GRSM Great Smoky Mountains National Park NEON Deciduous Forest|Evergreen Forest 35.68896 -83.50195 https://www.neonscience.org/field-sites/grsm
GUAN Guanica Forest NEON Evergreen Forest 17.96955 -66.86870 https://www.neonscience.org/field-sites/guan
HARV Harvard Forest & Quabbin Watershed NEON Deciduous Forest|Evergreen Forest|Mixed Forest|Woody Wetlands 42.53691 -72.17265 https://www.neonscience.org/field-sites/harv
HEAL Healy NEON Dwarf Scrub|Evergreen Forest|Shrub/Scrub 63.87580 -149.21335 https://www.neonscience.org/field-sites/heal
JERC The Jones Center At Ichauway NEON Cultivated Crops|Deciduous Forest|Evergreen Forest|Mixed Forest 31.19484 -84.46862 https://www.neonscience.org/field-sites/jerc
JORN Jornada Experimental Range NEON Shrub/Scrub 32.59069 -106.84254 https://www.neonscience.org/field-sites/jorn
KONA Konza Prairie Agroecosystem NEON Cultivated Crops 39.11045 -96.61293 https://www.neonscience.org/field-sites/kona
KONZ Konza Prairie Biological Station NEON Deciduous Forest|Grassland/Herbaceous 39.10077 -96.56307 https://www.neonscience.org/field-sites/konz
LAJA Lajas Experimental Station NEON Cultivated Crops|Grassland/Herbaceous|Pasture/Hay 18.02126 -67.07689 https://www.neonscience.org/field-sites/laja
LENO Lenoir Landing NEON Deciduous Forest|Woody Wetlands 31.85386 -88.16118 https://www.neonscience.org/field-sites/leno
MLBS Mountain Lake Biological Station NEON Deciduous Forest 37.37831 -80.52485 https://www.neonscience.org/field-sites/mlbs
MOAB Moab NEON Evergreen Forest|Shrub/Scrub 38.24828 -109.38827 https://www.neonscience.org/field-sites/moab
NIWO Niwot Ridge NEON Evergreen Forest|Grassland/Herbaceous 40.05425 -105.58237 https://www.neonscience.org/field-sites/niwo
NOGP Northern Great Plains Research Laboratory NEON Grassland/Herbaceous 46.76972 -100.91535 https://www.neonscience.org/field-sites/nogp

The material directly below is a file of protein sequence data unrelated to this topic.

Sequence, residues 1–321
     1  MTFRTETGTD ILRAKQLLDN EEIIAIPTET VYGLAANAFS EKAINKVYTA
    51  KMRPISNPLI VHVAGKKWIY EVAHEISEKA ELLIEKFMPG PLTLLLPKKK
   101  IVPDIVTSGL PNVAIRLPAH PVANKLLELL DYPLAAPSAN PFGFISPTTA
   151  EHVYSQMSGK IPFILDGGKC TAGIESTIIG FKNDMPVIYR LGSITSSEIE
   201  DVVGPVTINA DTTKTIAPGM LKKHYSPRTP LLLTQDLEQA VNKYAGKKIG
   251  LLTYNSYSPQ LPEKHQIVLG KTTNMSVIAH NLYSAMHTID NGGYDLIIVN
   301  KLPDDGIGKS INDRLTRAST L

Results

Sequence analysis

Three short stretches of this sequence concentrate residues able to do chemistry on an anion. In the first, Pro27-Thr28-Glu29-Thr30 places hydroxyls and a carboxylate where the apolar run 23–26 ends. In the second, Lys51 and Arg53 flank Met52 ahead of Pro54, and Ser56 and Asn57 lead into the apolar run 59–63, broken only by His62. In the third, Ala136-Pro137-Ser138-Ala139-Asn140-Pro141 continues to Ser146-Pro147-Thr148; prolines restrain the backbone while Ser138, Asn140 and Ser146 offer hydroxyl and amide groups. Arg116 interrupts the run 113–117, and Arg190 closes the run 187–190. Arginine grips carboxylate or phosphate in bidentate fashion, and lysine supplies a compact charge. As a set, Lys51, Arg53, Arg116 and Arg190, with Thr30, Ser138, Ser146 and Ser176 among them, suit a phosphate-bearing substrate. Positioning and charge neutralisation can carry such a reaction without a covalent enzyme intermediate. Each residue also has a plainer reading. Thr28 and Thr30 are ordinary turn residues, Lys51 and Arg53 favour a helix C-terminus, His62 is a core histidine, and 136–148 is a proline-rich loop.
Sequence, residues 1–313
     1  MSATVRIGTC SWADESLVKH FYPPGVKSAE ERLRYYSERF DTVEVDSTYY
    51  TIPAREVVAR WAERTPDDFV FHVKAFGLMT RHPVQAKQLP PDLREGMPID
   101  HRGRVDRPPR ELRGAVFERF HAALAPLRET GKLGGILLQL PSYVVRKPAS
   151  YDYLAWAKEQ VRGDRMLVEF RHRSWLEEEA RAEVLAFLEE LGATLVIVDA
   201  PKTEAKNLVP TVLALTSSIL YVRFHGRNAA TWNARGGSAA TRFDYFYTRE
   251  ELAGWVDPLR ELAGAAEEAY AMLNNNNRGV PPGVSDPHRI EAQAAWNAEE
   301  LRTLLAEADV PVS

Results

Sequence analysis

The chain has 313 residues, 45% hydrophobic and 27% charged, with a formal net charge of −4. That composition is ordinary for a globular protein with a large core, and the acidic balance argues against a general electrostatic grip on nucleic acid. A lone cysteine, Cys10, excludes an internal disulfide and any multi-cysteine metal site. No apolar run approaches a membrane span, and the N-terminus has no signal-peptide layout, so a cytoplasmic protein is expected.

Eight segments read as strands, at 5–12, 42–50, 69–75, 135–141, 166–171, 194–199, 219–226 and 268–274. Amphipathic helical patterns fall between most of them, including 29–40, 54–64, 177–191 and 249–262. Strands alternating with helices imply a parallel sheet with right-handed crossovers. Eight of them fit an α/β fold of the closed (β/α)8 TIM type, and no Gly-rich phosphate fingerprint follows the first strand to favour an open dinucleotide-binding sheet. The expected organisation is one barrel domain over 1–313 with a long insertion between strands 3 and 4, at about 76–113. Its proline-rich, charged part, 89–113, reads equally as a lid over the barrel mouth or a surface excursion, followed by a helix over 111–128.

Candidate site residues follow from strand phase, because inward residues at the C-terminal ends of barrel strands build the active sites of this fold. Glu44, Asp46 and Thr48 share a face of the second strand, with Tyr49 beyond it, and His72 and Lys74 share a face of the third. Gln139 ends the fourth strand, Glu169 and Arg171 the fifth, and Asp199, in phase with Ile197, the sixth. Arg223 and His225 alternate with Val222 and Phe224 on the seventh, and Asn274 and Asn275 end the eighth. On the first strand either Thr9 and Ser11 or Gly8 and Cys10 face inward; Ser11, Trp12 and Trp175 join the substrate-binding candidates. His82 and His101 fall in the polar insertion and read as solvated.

OAES Marvin Klemme Range Research Station NEON Grassland/Herbaceous|Shrub/Scrub 35.41060 -99.05878 https://www.neonscience.org/field-sites/oaes
ONAQ Onaqui NEON Evergreen Forest|Shrub/Scrub 40.17760 -112.45245 https://www.neonscience.org/field-sites/onaq
ORNL Oak Ridge NEON Deciduous Forest|Evergreen Forest|Pasture/Hay 35.96413 -84.28259 https://www.neonscience.org/field-sites/ornl
OSBS Ordway-Swisher Biological Station NEON Emergent Herbaceous Wetlands|Evergreen Forest|Woody Wetlands 29.68928 -81.99343 https://www.neonscience.org/field-sites/osbs
PUUM Pu’u Maka’ala Natural Area Reserve NEON Evergreen Forest 19.55309 -155.31731 https://www.neonscience.org/field-sites/puum
RMNP Rocky Mountains NEON Evergreen Forest 40.27590 -105.54596 https://www.neonscience.org/field-sites/rmnp
SCBI Smithsonian Conservation Biology Institute NEON Deciduous Forest|Evergreen Forest|Pasture/Hay 38.89292 -78.13949 https://www.neonscience.org/field-sites/scbi
SERC Smithsonian Environmental Research Center NEON Cultivated Crops|Deciduous Forest 38.89013 -76.56001 https://www.neonscience.org/field-sites/serc
SJER San Joaquin Experimental Range NEON Evergreen Forest|Grassland/Herbaceous|Shrub/Scrub 37.10878 -119.73228 https://www.neonscience.org/field-sites/sjer
SOAP Soaproot Saddle NEON Evergreen Forest|Shrub/Scrub 37.03337 -119.26219 https://www.neonscience.org/field-sites/soap
SRER Santa Rita Experimental Range NEON Shrub/Scrub 31.91068 -110.83549 https://www.neonscience.org/field-sites/srer